The tall Christmas tree at the drop-in centre in the Kettle Friendship Society’s office on Venables Street is brightly decorated with oversized candy canes, glittering decorations and twinkling lights.
The tree was decorated not only to brighten the mental health drop-in centre’s main gathering room, but also in anticipation of the society’s Christmas lunch on Dec. 25.
The society is one of the few service agencies in the city that offers a Christmas meal on Christmas Day, which means a lot to the members, manager Chris Keough told the Courier. He noted his family has no problem with him working the holiday.
“Coming in on Christmas Day is the best day of the year. So many other places are closed, it’s nice they can come somewhere they consider their home,” said Keough, wiping at his eyes. “Sorry, I don’t usually get emotional, but you know how you hear someone talk about their second home? That’s not the case here. This is their home.”
Keough is bringing three family members in Christmas Day to help serve the lunch, which will include turkey, ham and all the trimmings. The society typically feeds about 70 members each day, but expects 150 Dec. 25.
“We put out tablecloths and candles to give them the Christmas they should have,” said Keough. “It’s so cozy in here.”
Sue Rostill has been a member of the mental health drop-in centre for two years and plans to attend the lunch. Rostill said after her mother died a couple of years ago, no one from her extended family stayed in contact.
“I came here last year on the worst day of my life. I was crying all day so I came here to make myself feel better,” said Rostill, who lives just blocks away. “And it worked. Only I got overloaded on turkey.”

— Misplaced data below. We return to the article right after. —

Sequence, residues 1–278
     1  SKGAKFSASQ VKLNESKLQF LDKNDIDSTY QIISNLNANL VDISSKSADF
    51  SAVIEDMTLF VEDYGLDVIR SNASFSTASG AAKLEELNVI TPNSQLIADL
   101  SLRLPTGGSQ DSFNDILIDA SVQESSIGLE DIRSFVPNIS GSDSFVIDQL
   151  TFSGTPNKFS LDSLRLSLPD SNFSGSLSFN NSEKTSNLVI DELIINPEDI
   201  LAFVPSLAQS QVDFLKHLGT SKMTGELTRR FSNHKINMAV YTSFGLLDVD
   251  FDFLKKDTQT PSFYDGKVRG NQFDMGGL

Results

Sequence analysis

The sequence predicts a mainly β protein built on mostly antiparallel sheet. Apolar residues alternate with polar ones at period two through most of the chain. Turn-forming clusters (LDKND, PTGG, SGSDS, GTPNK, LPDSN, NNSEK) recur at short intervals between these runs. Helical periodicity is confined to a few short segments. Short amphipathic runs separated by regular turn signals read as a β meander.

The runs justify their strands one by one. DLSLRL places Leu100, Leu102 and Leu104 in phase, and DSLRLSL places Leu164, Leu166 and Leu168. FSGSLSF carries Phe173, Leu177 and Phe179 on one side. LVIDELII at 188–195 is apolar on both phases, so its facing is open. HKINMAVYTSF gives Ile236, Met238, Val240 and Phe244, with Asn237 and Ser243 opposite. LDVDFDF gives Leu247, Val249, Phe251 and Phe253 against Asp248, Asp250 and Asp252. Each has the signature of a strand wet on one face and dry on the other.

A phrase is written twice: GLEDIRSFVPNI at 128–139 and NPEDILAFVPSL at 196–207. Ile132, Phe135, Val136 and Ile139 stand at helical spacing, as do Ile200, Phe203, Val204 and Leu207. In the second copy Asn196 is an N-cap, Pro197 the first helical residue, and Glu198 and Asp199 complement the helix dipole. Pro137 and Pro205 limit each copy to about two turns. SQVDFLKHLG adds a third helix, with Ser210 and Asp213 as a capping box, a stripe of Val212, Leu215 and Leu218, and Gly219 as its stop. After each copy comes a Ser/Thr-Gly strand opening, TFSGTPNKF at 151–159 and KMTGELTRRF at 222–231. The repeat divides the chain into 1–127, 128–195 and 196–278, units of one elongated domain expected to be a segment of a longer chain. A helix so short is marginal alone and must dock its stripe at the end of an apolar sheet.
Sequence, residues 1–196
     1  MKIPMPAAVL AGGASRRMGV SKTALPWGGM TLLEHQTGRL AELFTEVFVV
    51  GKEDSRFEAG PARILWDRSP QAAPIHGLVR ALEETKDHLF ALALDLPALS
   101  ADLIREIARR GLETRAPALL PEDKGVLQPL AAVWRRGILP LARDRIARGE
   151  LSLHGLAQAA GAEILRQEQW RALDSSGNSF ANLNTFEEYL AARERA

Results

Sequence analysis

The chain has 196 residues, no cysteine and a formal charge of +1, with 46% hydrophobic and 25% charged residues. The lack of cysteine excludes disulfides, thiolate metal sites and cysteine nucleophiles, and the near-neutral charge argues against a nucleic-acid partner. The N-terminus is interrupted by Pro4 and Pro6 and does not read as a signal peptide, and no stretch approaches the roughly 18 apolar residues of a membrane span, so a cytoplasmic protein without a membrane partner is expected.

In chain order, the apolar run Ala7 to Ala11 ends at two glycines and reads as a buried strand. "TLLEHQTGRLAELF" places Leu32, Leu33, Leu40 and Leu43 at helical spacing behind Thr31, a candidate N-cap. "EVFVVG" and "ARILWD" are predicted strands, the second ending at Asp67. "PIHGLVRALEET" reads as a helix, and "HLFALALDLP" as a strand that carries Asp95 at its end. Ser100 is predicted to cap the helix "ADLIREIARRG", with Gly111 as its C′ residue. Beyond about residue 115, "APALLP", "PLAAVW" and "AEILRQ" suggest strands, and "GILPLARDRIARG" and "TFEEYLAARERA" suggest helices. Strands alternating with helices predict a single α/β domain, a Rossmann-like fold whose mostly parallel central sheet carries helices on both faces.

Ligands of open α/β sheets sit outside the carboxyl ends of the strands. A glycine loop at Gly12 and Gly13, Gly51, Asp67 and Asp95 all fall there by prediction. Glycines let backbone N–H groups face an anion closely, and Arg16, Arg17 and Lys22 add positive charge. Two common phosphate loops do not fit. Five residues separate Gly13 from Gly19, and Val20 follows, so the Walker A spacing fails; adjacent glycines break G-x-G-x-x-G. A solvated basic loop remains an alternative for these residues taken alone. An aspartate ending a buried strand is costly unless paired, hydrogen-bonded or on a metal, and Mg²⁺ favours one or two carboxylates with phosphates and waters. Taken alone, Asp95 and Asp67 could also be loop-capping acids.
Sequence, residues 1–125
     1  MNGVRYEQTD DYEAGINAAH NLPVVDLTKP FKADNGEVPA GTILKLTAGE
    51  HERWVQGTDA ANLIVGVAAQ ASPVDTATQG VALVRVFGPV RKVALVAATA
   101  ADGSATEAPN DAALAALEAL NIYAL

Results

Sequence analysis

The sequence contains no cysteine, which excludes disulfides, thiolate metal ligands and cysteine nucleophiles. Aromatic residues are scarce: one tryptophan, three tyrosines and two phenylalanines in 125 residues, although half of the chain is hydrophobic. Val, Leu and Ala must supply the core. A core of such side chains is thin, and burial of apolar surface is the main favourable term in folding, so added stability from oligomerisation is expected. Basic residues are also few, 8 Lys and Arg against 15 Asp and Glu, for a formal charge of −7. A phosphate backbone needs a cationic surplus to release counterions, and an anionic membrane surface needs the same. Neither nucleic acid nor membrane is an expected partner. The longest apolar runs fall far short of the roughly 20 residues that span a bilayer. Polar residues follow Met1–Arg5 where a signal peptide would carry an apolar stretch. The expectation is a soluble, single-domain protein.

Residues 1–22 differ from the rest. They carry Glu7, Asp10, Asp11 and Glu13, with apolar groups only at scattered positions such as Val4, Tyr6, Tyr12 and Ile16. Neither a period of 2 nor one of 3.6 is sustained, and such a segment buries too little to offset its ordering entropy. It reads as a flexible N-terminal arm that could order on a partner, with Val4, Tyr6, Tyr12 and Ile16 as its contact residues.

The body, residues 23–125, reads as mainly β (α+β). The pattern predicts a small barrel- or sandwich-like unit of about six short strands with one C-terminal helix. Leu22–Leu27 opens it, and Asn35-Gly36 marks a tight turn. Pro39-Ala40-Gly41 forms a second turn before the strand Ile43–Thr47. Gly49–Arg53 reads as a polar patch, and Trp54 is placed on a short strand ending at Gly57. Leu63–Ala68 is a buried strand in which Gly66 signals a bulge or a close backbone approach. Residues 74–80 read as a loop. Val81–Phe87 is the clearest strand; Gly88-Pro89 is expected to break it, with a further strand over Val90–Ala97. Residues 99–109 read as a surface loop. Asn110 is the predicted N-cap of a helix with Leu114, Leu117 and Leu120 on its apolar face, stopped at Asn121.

Bill Pope also intends to enjoy the Christmas lunch. Pope was a successful graphic designer and photographer living in the Ottawa area until he began to suffer from depression more than two decades ago.
“After I got sick, my life changed,” said Pope, who moved to Vancouver in 2000. “It was someone from the mental health community who introduced me to the [society.]”
Pope has found a home at the drop-in centre, where he now runs the art program and offers classes Wednesday afternoons as a volunteer. He added the Christmas luncheon is a highlight of the year.
“It’s great and it means a lot to be a member of this community,” said Pope. “We’re like a family and the people here have a way of making you feel at home. Even Chris. This is not a normal job, but he’s nice to everyone.”
Member Kelley Montgomery won’t be attending the lunch this year, but knows how important it is to his friends who attend the centre.
“It’s big time,” said Montgomery. “They treat you like family and it has an amazing atmosphere.”
Keough said in the past, turkeys for the lunch were donated by the employees of a nearby company, but when it was recently sold that tradition ended. This year that meant paying for 26 turkeys out of the society’s budget. The society is collecting donations that can be given out as a present during the lunch. The wish list is a simple one — socks, new underwear, hats, gloves, ladies sweaters, $5 McDonald gift cards, transit tickets and toiletries. For more information, visit thekettle.ca.